M is for Measure
Yes, that ever boring but ever necessary part of any project: measuring. For all you disbelievers out yonder, there's a reason the phrase "measure twice, cut once" exists. And everyone will get to know why in time, if you don't measure and mark!
So, measurements. For any project, these are crucial: and take this from someone who has made both an ill-fitting dress a really rather wonky patchwork quilt!
When making clothing and choosing the size of your pattern (and thus how much fabric you will need), there are a number of different measurements to take. The measurement that is most crucial to getting a correct fit is the bust measurement. All others can be adjusted, but this is the hardest to make work. Most commercial patterns available tailor to the lady with a 'B' cup. I am not a B cup, nor will I ever be, and so I often have to adjust my patterns. There are many ways to do this (whcih there simply isn't the room for here!) so I suggest hoking out your faourite sewing book and following the instructions in that. As for the adjustments themselves, they fall into two categories: small bust adjustments or full bust adjustments. These methods may be used where the discrepancy between bust and waist size is so large it will make grading a pattern too difficult.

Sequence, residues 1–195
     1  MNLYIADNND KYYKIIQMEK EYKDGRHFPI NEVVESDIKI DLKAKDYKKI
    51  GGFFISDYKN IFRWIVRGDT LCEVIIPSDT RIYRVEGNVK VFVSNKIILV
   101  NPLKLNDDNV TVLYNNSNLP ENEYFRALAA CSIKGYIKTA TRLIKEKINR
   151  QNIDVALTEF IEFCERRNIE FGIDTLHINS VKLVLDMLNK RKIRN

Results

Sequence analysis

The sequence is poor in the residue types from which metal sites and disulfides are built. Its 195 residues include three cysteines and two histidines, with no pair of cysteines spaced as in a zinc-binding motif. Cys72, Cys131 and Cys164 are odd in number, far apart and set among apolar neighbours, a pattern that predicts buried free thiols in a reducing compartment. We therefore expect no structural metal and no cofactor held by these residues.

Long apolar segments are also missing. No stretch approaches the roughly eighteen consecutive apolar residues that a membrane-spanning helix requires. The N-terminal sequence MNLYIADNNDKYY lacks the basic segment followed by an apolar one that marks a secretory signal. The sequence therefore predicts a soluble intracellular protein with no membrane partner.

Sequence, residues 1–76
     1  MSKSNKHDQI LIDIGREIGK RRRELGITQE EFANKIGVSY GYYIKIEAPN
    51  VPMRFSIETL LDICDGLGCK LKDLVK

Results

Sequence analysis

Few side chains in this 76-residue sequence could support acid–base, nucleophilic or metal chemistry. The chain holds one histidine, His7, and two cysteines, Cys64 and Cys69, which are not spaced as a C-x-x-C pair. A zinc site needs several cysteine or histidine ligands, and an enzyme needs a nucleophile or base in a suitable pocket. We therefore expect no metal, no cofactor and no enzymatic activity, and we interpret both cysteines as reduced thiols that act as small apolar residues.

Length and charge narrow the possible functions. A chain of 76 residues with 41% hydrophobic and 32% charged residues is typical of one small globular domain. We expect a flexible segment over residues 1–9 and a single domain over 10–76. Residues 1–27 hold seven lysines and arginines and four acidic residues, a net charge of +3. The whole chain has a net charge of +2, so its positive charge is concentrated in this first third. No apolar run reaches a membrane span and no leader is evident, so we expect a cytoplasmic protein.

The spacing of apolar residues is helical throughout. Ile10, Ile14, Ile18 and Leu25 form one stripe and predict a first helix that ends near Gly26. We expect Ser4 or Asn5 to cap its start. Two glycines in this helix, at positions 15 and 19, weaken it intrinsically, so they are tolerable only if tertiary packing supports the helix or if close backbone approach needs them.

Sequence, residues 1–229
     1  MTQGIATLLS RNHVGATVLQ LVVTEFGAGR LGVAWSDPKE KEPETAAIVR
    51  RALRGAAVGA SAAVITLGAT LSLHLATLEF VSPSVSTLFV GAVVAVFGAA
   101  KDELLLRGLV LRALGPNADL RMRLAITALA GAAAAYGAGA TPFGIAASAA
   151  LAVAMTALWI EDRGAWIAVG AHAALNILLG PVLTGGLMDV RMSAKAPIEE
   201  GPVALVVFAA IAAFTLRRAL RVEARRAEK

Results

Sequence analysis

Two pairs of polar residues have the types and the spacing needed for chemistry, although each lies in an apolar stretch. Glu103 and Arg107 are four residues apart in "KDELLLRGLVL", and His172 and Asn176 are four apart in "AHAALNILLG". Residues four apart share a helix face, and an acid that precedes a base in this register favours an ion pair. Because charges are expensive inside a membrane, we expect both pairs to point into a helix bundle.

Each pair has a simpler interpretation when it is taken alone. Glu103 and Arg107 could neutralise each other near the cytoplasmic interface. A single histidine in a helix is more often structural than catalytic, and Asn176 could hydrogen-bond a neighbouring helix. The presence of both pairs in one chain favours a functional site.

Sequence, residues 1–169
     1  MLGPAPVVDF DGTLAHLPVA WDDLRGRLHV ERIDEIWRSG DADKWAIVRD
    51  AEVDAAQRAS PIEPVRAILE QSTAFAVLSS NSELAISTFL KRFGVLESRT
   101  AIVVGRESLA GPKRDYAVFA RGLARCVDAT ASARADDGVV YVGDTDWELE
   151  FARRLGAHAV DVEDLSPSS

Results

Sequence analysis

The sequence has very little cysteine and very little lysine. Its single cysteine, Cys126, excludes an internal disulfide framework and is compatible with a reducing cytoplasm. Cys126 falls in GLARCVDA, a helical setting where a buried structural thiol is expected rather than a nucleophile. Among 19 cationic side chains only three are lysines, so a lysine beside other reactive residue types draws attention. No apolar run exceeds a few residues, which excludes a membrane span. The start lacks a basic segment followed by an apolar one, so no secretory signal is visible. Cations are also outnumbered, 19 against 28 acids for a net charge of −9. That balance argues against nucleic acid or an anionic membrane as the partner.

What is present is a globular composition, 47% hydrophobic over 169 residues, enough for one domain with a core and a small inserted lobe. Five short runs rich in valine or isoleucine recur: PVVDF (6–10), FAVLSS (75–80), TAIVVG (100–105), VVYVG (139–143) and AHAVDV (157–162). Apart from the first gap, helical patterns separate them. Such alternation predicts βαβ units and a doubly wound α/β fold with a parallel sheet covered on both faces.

I haven't gone into tremedous detail about measuring for dressmaking because there have been tomes written about it elsewhere, and I could write a tome about it myself. The crux of it is, what you're making is to fit you, so make sure any pattern you buy will either fit or be adjustable to your own measurements, then make sure you actually make those adjustments. There is no better way to do this than to make a muslin - see the sister post to this one for more details!
This post was written by Aileen McKenna sewing enthusiast and author of http://sewseamly.wordpress.com/